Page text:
So, here I am giving a reading from my debut novel, Ezekiel, at the The Icelandic Poetry Center, in Siglufjordur, northern Iceland.
I gave the reading as the Writer in Residence for Authors at Large , a retreat program created by award winning writers Robin Hemley and Xu Xi, and hosted by Xu Xi and six time Pushcart Prize winning American nonfiction writer Brenda Miller.
Thank you to the wonderful people at The Icelandic Poetry Center for hosting the event and for Authors at Large for organizing it.
Below is a transcript of the chapter I read, The Battle of France.
He lay dying beside me in the ditch. The blood had passed through his jacket, staining the hand he couldn’t use anymore.
In his other hand was a photograph of a young woman. Her features, the small pointed nose and sly smile, reminded me of Thérèse. He had asked me to fish it out of his chest pocket only moments before. I read the inscription on the back before I gave it to him: “Je t’aime toujours! Veronique.”
My wife, he said, in perfect Parisian French. I smiled.
Above us you could still hear the sound of bullets and screams. Beside us, on top of each other, were two other German officers I had shot.
He reached his hand out to mine, the photo now submerged in blood on his chest. I took his hand in mine. I could feel his fear. We looked into each other’s eyes. Then, as I was to experience so many times in the future when people died in my care, a peace came over him, as if he were bathed in silence. The fear had gone. All that was left was innocence, the miracle of the human being, a deep thankfulness in his eyes, a gratitude. He smiled and said, “Merci, Ezekiel Moran.”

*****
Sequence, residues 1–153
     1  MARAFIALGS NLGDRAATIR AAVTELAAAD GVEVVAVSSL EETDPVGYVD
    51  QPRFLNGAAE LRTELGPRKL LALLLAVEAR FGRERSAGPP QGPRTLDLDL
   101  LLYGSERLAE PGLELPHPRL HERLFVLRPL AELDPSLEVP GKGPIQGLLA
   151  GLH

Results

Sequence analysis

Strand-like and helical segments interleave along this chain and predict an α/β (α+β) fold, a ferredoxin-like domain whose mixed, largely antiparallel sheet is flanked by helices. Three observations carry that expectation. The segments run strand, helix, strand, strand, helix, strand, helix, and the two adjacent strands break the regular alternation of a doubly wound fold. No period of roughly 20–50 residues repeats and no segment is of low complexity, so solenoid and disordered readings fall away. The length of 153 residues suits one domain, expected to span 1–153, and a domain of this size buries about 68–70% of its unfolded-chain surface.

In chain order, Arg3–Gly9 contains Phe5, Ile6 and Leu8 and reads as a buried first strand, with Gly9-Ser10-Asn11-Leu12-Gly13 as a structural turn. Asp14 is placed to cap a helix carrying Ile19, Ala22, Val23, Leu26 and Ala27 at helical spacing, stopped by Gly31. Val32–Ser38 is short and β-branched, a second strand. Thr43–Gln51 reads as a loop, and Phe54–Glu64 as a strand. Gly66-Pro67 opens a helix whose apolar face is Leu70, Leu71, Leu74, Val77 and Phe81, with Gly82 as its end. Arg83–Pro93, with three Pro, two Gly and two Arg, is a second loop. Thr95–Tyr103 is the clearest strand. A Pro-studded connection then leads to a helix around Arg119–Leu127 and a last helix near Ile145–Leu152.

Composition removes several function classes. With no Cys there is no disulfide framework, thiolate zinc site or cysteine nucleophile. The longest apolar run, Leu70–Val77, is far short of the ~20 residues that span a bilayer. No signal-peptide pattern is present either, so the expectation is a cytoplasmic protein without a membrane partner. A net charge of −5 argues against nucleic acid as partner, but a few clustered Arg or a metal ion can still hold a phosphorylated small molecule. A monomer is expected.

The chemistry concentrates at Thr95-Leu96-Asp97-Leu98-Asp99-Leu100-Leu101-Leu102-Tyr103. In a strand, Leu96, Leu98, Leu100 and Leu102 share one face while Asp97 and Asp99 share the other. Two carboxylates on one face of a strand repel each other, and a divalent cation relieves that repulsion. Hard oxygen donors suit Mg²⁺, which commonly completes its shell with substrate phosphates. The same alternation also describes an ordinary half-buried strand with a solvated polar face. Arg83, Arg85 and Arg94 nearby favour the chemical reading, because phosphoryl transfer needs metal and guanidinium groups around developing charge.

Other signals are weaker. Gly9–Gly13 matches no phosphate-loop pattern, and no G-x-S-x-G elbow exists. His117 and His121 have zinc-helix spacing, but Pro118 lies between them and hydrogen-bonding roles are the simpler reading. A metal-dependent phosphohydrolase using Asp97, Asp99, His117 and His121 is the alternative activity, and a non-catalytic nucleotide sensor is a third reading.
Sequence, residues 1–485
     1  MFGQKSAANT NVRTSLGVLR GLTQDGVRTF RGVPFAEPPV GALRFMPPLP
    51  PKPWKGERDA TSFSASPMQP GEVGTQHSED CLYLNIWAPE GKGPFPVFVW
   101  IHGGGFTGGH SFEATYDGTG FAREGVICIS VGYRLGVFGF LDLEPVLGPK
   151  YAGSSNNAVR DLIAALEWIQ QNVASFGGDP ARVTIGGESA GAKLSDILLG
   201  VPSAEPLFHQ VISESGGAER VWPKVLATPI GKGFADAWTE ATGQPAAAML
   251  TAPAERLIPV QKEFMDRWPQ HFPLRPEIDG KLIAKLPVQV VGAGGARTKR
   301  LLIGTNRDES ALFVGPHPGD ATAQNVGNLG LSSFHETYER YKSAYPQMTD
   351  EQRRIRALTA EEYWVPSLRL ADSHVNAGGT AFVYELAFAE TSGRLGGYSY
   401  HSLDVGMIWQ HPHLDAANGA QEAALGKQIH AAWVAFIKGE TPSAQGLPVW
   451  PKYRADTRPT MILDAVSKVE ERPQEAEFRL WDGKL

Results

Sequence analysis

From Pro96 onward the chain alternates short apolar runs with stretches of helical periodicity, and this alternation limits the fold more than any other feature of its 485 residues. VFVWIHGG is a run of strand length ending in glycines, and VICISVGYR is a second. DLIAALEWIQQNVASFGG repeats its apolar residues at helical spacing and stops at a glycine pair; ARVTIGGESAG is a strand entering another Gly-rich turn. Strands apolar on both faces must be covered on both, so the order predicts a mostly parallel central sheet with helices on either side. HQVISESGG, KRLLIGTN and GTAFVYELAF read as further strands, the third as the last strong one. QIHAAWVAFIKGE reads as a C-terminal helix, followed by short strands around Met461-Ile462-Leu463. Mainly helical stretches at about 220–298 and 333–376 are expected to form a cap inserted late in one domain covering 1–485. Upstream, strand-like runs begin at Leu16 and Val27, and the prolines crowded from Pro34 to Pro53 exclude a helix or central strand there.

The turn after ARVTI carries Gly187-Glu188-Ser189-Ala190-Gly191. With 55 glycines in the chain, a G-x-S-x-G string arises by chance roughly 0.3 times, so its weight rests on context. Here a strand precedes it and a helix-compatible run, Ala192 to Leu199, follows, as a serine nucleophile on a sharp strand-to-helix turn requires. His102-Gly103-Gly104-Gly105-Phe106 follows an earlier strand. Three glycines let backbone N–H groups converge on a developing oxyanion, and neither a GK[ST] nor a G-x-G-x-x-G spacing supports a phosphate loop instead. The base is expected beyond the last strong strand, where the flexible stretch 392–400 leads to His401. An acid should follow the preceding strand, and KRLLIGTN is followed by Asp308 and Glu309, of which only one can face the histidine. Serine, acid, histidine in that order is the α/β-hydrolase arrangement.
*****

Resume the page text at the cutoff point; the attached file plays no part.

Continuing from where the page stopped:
I smiled at him, and then he died.
I closed my eyes and quietly recited Psalm 23, his hand still warm in mine. After a few moments I lifted his hand and rested it on her photograph.
In my other hand was Dad’s opinel, a gift before I had left the mas. Only a minute before I had thought I would have to use it if my last bullet hadn’t done its work on Veronique’s husband. Her husband’s name was Hermann, Hermann Schmidt. He was the last man I killed, in the Battle of France, as a regular soldier.